October 21, 2015 3:52 pm
Updated: October 21, 2015 5:09 pm

Local advocates hope Trudeau keeps promise to legalize marijuana

WATCH ABOVE: One of Justin Trudeau’s campaign promises was a vow to legalize marijuana, and that is something advocates are waiting for, but it’s not something that will happen overnight. Global’s Dave Squires reports.


HALIFAX – Before Canada was painted red on Monday, Justin Trudeau pledged to legalize and regulate marijuana.

“The Liberal Party is committed to legalizing and regulating marijuana and we are going to get started on that right away,” Trudeau told a crowd of supporters during a campaign stop in British Columbia in September.

Trudeau says legalization would fix a “failed system” and help “remove the criminal element” linked to the drug.

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That promise has marijuana advocates in the maritimes waiting for Trudeau to fulfill his promise.

“When’s he starting that’s all I want to know,” Chris Backer, Vice-Chair of Maritimers Unite for Medical Marijuana said Wednesday.

Backer wants marijuana made legal. He says the financial benefits on taxed marijuana for government and for individuals who purchase the drug should be enough for legalization.

“Right now licensed producers are charging 12 of more dollars a gram. Once it’s legal and anyone can grow it for themselves the price will come down to like three dollars a gram,” said Backer.

Christopher Enns, owner of Farm Assists Cannabis Resource Center in Halifax provides patients who have medical authorization legal access to the drug. Enns says a new law would further benefit those who need it for medical purposes.

“What we do know is that patients right now are facing a struggle to access the medicine they need and right away. He (Trudeau) needs to move in order to increase access to patients,” said Enns.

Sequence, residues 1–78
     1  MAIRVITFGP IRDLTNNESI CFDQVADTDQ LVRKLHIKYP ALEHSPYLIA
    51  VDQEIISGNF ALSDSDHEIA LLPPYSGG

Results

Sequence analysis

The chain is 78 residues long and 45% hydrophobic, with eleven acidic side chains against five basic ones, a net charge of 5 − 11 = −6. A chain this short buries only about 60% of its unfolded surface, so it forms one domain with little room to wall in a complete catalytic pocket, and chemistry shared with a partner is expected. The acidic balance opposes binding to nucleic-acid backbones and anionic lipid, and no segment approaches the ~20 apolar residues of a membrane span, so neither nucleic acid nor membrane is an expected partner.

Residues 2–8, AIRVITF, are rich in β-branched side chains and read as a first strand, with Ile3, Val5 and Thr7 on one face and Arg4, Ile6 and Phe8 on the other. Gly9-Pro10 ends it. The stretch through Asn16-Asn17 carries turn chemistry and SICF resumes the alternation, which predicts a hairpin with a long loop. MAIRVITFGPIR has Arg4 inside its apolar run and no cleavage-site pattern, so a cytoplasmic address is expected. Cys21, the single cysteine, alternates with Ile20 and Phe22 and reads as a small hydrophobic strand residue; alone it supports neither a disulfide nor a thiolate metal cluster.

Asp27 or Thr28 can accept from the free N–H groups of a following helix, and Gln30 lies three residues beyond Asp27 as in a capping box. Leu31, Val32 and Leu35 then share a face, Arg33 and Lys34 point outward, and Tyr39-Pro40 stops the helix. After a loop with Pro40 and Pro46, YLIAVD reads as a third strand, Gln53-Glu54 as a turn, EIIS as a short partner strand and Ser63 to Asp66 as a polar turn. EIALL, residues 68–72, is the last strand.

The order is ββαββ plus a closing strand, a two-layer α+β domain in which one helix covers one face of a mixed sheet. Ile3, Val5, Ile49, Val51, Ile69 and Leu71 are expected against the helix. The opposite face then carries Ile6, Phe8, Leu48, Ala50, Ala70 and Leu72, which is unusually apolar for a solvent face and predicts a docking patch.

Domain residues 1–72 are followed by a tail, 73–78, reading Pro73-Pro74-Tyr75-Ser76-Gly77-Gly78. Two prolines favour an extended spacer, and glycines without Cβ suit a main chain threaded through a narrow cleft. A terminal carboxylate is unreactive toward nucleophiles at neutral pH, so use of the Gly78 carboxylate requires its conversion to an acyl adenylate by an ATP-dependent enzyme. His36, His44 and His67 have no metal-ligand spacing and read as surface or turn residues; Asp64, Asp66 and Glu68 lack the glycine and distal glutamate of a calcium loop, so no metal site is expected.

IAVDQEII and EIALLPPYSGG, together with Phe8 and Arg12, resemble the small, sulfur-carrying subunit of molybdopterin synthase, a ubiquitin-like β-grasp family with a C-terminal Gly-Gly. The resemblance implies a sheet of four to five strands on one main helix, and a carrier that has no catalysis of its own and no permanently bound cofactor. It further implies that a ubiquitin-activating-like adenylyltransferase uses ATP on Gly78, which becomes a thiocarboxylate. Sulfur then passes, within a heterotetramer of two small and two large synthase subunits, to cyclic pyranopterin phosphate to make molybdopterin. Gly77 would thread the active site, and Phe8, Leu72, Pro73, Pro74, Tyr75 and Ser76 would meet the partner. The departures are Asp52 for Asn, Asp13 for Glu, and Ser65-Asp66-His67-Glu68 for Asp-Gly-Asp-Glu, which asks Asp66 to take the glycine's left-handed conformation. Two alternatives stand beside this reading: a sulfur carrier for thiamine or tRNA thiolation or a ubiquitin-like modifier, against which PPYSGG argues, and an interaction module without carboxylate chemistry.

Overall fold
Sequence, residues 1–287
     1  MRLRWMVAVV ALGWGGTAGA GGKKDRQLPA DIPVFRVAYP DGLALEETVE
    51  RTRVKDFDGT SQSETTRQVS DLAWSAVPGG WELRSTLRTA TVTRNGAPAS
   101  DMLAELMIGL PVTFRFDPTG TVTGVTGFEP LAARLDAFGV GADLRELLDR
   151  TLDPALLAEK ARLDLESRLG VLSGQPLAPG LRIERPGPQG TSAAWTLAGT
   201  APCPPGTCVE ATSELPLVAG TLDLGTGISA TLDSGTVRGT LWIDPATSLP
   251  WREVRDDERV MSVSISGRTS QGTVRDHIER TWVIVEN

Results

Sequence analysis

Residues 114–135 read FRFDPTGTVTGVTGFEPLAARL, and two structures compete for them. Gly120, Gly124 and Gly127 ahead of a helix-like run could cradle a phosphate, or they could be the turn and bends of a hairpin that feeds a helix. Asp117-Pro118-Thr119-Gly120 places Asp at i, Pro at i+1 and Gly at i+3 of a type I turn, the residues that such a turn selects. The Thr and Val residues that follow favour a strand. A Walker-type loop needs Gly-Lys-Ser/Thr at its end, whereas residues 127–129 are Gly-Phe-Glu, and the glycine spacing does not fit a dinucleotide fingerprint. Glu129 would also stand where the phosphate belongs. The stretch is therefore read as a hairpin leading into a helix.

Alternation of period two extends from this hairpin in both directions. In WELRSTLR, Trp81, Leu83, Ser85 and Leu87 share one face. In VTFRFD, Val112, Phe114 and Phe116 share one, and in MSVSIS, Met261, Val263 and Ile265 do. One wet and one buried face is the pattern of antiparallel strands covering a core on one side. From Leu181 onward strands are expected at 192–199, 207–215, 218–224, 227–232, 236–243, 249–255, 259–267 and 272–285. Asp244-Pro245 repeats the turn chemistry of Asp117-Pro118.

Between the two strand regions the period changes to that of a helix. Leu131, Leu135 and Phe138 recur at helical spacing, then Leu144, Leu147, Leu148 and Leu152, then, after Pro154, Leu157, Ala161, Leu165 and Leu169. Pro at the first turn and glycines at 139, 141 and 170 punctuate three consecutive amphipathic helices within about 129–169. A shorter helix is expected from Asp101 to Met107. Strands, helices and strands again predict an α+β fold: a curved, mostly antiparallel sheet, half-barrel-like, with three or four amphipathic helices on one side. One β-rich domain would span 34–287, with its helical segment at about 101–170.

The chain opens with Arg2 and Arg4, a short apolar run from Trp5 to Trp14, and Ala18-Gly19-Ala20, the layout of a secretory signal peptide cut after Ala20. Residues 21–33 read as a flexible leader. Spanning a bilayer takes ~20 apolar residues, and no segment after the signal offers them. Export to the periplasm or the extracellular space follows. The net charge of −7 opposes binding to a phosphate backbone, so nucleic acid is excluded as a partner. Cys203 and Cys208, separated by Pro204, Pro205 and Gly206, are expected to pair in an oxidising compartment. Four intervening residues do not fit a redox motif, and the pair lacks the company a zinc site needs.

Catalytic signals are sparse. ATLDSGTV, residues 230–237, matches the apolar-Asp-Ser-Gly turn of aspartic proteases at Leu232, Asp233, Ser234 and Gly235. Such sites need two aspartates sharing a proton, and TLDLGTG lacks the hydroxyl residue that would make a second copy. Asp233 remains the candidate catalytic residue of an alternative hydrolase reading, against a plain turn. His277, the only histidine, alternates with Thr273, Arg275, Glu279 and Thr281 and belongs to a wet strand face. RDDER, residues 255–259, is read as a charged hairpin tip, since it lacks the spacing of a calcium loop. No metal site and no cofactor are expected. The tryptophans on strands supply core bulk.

The Liberals have yet to develop a specific plan to regulate or tax marijuana, saying they are waiting to look at best practices in other jurisdictions before deciding on how proceed with regulation in Canada.

For some that means a wait and see scenario, including police who admit legalization could change the look of enforcement.

“We will see what an enforcement action would look like on a police behalf but it certainly would take out a part of our work in relation to more low level recreational use,” said Deputy Chief Bill Moore of the Halifax Regional Police.

However, since Trudeau pledged legalization people are preparing for it. Stocks prices have doubled at Canada’s largest organic marijuana producer, OrganiGram in Moncton, New Brunswick.

“I believe there was a lot of anticipation in the marketplace with investors as to what the results of the election would be,” said Roger Rogers, President of OrganiGram.

Despite the anticipation by marijuana advocates, even when the new Federal Liberal Government moves forward with changing the law, it will take some time.

Legislation would need have to drafted and approved in the House of Commons and the Senate, a process that would take a couple of years.

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